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The visual artist Gastón Garreaud weighs in on the debate over the decision to award the 1975 National Culture Prize for art to the Andean altarpiece artist Joaquín López Antay. Garreaud points to parallels he sees between this decision and Pablo Picasso’s reappraisal of the naïve artist Henry Rousseau’s work in a move that “revolutionized the fundamentals of modern art and influenced how things should be looked at.” According to the article, a revolutionary approach like that creates a dramatic break with established ideas concerning a “supposedly strict and cultured traditional worldview.” Garreaud criticizes the aesthetic that influences the production of contemporary art and its consumer-oriented distribution channels which actually evolve into a “form of cultural control.” He suggests that the Revolution (which was under way in Peru at the time) should set the country’s cultural standards “based on true political awareness.” A step in that direction would be to recognize López Antay’s work, “with no classism or prejudice,” as part of the country’s contemporary art output, and grant him an honorary membership in the ASPAP (Asociación Peruana de Artistas Plásticos) [Peruvian Association of Visual Artists].


His strongly-worded articles made the painter Gastón Garreaud (1934–2005) one of the most vocal critics of the ASPAP (Asociación Peruana de Artistas Plásticos) [Peruvian Association of Visual Artists], condemning the association for having challenged the decision to award the 1975 National Art Prize to López Antay. As a result he was one of the founding members of SUTAP (Sindicato Único de Trabajadores de las Artes Plásticas) [Sole Visual Arts Workers Union], the dissident group that broke with the ASPAP in an attempt to promote a form of “politically aware art” that was more in tune with social conditions in Peru at the time.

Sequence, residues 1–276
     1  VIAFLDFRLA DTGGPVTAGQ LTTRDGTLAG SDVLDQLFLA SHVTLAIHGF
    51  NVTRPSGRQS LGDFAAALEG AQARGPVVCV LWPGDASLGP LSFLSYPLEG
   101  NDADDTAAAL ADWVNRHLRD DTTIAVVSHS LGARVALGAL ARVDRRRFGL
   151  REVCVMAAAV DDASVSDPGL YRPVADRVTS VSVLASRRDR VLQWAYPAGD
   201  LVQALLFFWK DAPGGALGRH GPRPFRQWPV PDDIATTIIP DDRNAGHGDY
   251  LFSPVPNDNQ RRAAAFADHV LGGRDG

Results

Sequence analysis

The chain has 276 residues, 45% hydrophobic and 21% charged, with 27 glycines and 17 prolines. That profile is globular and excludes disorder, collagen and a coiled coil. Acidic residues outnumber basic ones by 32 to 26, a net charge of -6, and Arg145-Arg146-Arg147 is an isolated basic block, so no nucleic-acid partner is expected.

An announcement on December 26, 1975 confirmed that the National Culture Prizes (for the 1973–74 biennium) had been awarded by the Peruvian government through the Instituto Nacional de Cultura to honor the greatest contributions to the development of Peruvian culture. The jury’s decision in the art category (which had traditionally included painting, sculpture, music, and architecture) ignited one of the most heated debates in the history of Peruvian art. The ensuing controversy underscored simmering tensions and suspicions regarding the cultural policies of the revolutionary government of the armed forces led by General Juan Velasco Alvarado (1968–75). This administration claimed to be committed to a progressive agenda, a claim supported mainly by the Agrarian Reform of 1969 which was accompanied by the government’s enthusiastic attempt to glorify the image of the peasant population and lifestyle at the expense of other forms of cultural expression that were considered more “Western.” On this occasion the prize was awarded to Joaquín López Antay (1897–1981), who was chosen over well-known visual artists such as Carlos Quízpez Asín (1900–83) and Teodoro Núñez Ureta (1912–88) and the German-born academic musician Rodolfo Holzmann (1910–92).   


[Regarding this conflict, see the following articles in the ICAA digital archive: by Alfonso Castrillón, Leslie Lee, and Carlos Bernasconi “Fundamentación para el dictamen por mayoría simple a favor del artista popular Joaquín López Antay” (doc. no. 1135896); by Alfonso Bermúdez “Premio a López Antay suscita controversias. Unos: consagración del arte popular. Otros: una cosa es arte y otra artesanía” (doc. no. 1135879); by Francisco Abril de Vivero, Luis Cossio Marino, and Alberto Dávila “Artistas plásticos cuestionan premio” (doc. no. 1135960); and (anonymous) “‘No todos nos quieren ni en Lima ni en Ayacucho’: así comentó sobre cuestionamiento a premio” (doc. no. 1135930)].

Gabriela Germaná Roquez
Museo de Arte de Lima, Lima, Peru
Reproduced with permission of Lucrecia Lostanau de Garreaud, Lima, Peru